Make Your Own Aluminum-Leaf Electroscope


Welcome back to 10-Days of Electricity and Magnetism, part of the iHomeschool Network Spring Hopscotch. If you’re new here, you might want to read from the beginning as each post builds upon the last to help you pull together a cohesive unit study for your kids. You might also want to take a minute to subscribe by email so you don’t miss a post.


10 Days of Electricity and Magnetism


So far this week, we’ve talked briefly about big developments in the history of electricity and magnetism and played around with static electricity. Today we’re going to build an aluminum-leaf electroscope that can actually detect electrical charges in object you have lying around.

William Gilbert invented the first electroscope in 1600, calling it a versorium. It had a metal needle that moved freely inside and turned towards charged objects when they came near.

Over the next two-hundred years, the electroscope went through many different changes, all with the same goal in mind – create the best instrument for detecting electrical charges in objects. First, a hanging thread was added that was attracted to charged objects nearby. Then, tiny balls made out of pith {plant fiber} were added to the ends of the thread to make it easier to see when the thread moved toward charges. They would become charged when they got close to an object, and since they now had the same charge as whatever they were near, they would repel. How far apart they were after repelling indicated how strong the charge was.

In the late 1700s, the electroscope was fine-tuned further. Gold foil leaves were used because the gold was more sensitive than the pith or thread.


Make Your Own Aluminum Leaf Electroscope


In this activity, we can use aluminum foil to replace the gold foil. You’ll be able to use your electroscope to check for sources of static electricity around you.

You’ll need:

  • jar with a lid
  • clay
  • aluminum foil
  • scissors
  • metal paper clip
  • a balloon
  • a square of wool or flannel

Try it this way:

  1. Straighten the paper clip out.
  2. Poke a hole in the lid of the jar big enough for the paper clip to slide through.
  3. Push the paper clip through the hole in the jar lid and bend the end that is on the underside of the jar into an ‘L’ shape.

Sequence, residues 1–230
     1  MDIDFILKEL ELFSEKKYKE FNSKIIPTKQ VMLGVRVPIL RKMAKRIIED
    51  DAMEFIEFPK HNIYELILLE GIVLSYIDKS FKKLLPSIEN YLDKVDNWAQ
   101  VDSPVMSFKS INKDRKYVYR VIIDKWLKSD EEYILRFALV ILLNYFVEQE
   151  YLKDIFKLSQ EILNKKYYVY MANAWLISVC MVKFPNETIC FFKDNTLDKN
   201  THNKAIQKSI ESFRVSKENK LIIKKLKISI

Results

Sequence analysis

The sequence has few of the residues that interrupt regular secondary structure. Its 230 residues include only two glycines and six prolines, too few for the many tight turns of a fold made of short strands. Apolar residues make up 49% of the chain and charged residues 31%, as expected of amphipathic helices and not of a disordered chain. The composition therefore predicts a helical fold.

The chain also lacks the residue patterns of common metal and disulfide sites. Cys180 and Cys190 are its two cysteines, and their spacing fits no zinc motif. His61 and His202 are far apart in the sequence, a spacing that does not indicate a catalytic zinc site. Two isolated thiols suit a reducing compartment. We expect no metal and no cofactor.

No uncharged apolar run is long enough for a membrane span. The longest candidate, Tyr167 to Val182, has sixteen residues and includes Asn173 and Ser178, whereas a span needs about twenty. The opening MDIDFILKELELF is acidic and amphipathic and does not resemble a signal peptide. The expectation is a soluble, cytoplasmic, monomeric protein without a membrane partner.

4. Form your clay around the clip on the outside and inside of the jar lid to secure it and make sure it is sealed tight.
  5. Take a piece of aluminum foil and roll it into a 1-inch ball and put it on the straight {outside} end of the paper clip.
  6. Use the scissors to cut a strip of foil about 5 inches by 1/2 inch. Fold it in half and set it on the ‘L’ shaped end of the paper clip.
  7. Put the lid on the jar and close it tightly, sealing the strip of aluminum foil inside the jar.
  8. Rub the square of flannel or wool vigorously on the balloon and hold it near the foil ball. Look at the aluminum strip inside the jar. The ends should move away from each other due to the static electricity on the balloon.


Making an Aluminum Leaf Electroscope


Look around the house. What else might have a charge? Write a list of things to test with your electroscope, and make a prediction as to whether or not it holds static electricity. Then, test it with your electroscope and write down whether or not your hypothesis was correct. You can do this in a science notebook or on the printable below.

Make Your Own Aluminum-Leaf Electroscope

We had a lot of fun with this, and were surprised by some of our results. Making an electroscope is another way to explore static electricity and learn more about the electrical charges that surround us. Are you enjoying this study? I hope so. Take a minute to sign up for emails by clicking the picture below if you haven’t done so already. There are more unit studies like this coming in the future, along with lots of great content.


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Have you taken time to check out some of the other 10-Day series in the iHomeschool Network’s Spring Hopscotch? I’m having a great time exploring topics like Using Games in School and 10 Days of Raising Boys.

Thanks for coming by today. I hope to see you tomorrow when we explore simple circuitry.